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Winning Your Disability Case with the Help of Co-Workers, Family Members and Friends

In a Social Security disability claim, the credibility of the claimant is often the determining factor of whether the claim is approved or denied. For cases involving chronic pain or fatigue, such as fibromyalgia or chronic fatigue syndrome, the credibility of the claimant is usually crucial to success. The reason for this of course is due to the fact that those diagnoses involve subjective symptoms and limitations that usually cannot be objectively quantified by medical or laboratory tests.

Thus, SSA and judges will listen to the claimant’s story about why they are unable to work due to the frequency, severity and duration of their symptoms; but they will also look for corroborating evidence from other sources such as doctors or individuals who know the claimant.

As you may know, my practice is exclusively disability law and I specialize in chronic pain and fatigue cases representing clients throughout the United States. Over the past several years I have won disability cases before SSA and judges throughout the United States. While winning hundreds of cases and losing only a small percentage of them, I have learned a great deal about how to win chronic pain and fatigue disability cases as well as the importance of a client’s credibility.

A tool I have used extensively for the past several years is to obtain affidavits or statements from a client’s former co-worker (or preferably a supervisor), family member or long-time friends. What is an affidavit? It is simply a notarized document that essentially is a narrative letter regarding a person’s observations of problems the client has functioning on a daily basis due the symptoms and limitations, with a conclusion that they are unable to work in any occupation as a result. In my opinion it is essential that SSA and a judge have corroborating evidence from those who know a client the best and the affidavit performs that function.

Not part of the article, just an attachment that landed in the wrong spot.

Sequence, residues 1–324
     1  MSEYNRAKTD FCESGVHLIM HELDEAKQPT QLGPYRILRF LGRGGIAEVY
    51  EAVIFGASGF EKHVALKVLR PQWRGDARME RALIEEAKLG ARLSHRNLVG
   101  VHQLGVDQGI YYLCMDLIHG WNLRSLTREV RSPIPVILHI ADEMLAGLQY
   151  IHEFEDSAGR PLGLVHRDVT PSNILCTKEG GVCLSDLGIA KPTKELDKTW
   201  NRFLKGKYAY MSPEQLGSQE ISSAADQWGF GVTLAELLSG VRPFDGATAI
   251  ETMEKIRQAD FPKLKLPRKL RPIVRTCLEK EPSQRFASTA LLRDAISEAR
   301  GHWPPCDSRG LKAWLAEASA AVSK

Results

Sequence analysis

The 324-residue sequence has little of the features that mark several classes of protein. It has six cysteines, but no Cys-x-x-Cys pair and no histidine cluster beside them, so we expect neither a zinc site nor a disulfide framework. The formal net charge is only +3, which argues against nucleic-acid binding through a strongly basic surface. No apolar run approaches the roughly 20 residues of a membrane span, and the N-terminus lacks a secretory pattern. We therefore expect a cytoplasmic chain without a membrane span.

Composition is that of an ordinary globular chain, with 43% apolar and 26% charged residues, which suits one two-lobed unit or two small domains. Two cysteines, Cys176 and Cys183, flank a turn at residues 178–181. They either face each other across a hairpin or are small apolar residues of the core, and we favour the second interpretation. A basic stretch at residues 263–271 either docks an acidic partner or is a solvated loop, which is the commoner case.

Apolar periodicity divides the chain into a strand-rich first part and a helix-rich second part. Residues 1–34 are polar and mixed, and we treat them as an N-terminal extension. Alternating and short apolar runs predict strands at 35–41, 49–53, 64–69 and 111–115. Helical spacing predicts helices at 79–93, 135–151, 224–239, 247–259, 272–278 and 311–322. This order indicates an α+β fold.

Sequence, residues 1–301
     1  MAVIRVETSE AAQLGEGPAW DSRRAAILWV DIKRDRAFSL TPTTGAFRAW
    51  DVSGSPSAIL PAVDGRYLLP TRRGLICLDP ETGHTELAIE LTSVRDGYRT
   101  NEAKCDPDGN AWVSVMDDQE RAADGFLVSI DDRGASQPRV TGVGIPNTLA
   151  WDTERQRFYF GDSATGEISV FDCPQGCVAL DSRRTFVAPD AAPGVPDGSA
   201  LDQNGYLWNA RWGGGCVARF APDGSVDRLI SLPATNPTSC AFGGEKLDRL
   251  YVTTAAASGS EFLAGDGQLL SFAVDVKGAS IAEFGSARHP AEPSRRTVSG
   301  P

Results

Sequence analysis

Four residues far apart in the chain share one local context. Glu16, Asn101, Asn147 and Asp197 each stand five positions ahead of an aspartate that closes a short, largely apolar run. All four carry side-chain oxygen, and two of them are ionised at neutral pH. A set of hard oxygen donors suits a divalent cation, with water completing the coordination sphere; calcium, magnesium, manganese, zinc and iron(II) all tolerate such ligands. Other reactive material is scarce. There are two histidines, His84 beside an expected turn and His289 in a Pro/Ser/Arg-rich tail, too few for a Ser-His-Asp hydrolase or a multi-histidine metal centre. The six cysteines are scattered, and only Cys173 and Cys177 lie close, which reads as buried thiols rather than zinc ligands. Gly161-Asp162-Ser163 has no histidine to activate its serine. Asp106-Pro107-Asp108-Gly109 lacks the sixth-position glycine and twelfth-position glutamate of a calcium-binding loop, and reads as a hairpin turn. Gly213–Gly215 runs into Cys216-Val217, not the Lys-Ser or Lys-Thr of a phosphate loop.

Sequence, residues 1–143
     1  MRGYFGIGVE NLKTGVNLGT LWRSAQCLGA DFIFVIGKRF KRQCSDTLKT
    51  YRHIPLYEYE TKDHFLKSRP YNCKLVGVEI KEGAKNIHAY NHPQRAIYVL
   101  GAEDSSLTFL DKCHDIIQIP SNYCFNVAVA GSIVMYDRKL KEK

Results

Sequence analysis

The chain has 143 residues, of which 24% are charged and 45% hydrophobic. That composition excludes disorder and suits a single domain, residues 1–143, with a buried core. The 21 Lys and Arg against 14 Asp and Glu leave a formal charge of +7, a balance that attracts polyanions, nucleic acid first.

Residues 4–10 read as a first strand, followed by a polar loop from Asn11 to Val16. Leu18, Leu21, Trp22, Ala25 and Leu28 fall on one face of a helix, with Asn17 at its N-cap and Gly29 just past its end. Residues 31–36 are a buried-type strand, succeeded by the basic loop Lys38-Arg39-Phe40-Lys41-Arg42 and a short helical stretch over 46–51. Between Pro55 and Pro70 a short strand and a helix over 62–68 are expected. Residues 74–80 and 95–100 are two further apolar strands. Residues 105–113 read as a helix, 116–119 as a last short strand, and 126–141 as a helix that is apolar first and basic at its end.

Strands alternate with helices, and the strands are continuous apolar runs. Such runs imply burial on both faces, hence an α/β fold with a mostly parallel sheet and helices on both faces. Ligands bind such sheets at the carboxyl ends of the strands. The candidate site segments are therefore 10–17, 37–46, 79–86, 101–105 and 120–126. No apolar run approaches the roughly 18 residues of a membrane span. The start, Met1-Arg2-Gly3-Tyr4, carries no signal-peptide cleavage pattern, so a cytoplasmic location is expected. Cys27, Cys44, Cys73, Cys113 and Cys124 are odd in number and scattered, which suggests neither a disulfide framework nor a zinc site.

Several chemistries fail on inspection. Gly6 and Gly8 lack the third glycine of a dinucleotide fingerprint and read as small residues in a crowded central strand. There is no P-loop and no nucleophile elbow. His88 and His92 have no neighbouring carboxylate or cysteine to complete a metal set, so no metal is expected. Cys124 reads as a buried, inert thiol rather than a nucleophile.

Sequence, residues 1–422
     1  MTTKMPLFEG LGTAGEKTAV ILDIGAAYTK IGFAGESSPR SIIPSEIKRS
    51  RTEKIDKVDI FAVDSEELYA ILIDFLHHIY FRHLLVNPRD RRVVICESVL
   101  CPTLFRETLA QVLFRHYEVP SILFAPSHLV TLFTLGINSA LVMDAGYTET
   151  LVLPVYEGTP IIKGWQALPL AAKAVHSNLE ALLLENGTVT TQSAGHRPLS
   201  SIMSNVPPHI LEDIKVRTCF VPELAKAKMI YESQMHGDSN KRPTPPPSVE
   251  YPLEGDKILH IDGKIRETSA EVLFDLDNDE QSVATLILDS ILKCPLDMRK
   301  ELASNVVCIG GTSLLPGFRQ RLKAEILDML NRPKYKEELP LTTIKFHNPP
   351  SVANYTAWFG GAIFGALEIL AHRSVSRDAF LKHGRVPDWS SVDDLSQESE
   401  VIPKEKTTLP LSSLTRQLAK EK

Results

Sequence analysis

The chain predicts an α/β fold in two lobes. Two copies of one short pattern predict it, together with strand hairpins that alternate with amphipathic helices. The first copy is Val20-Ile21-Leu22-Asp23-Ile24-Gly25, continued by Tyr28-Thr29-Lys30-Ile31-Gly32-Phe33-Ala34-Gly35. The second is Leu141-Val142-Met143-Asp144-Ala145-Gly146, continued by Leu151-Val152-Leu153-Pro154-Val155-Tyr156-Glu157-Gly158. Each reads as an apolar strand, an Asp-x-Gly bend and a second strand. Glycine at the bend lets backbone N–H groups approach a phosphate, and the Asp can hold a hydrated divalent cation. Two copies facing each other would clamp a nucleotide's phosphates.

Because I view a client’s credibility as paramount to the case, I want to protect it, develop it and support it from as many different independent sources as possible. The quality of the affidavits or statements and who makes them is what matters rather than having a large volume of them by people who do not know the client well.

I know thoughtful affidavits have a big impact on SSA and judges because I have seen countless judges from all over the country reference them as a reason why they approved my client’s claim. I have also talked with judges after a hearing and they have told me the affidavits provided persuasive support for my client’s allegations regarding their limitations.

It must be noted that it is unlikely an affidavit alone will win a disability case; but along with other corroborating medical records and doctor’s opinions it can be a powerful tool. Use this article as a foundation for developing this important part of your claim.

Tip #1: The Affidavit should be Brief

To avoid lulling weary SSA personnel or a judge to sleep, I believe the affidavit should be no more than two (2) pages in length. Please remember your file will contain several hundreds of pages of records…you want the affidavit to be read and be factored into your claim.

Tip #2: The Affidavit should be on regular paper and be Notarized

The document itself can be on any regular white paper (preferably 8½ x 11 inches), handwritten or typewritten and should be titled “Affidavit.” In addition, it should be notarized because a notary will confirm that the person who purported to draft the affidavit actually signed the same before a public notary. Having the affidavit notarized eliminates any question with regard to authenticity of the document (i.e. you are not trying to pull one over on SSA or a judge!). However, even if you cannot get the affidavit notarized, it still should be submitted.

Best of luck to you and remember to keep fighting for the benefits you deserve!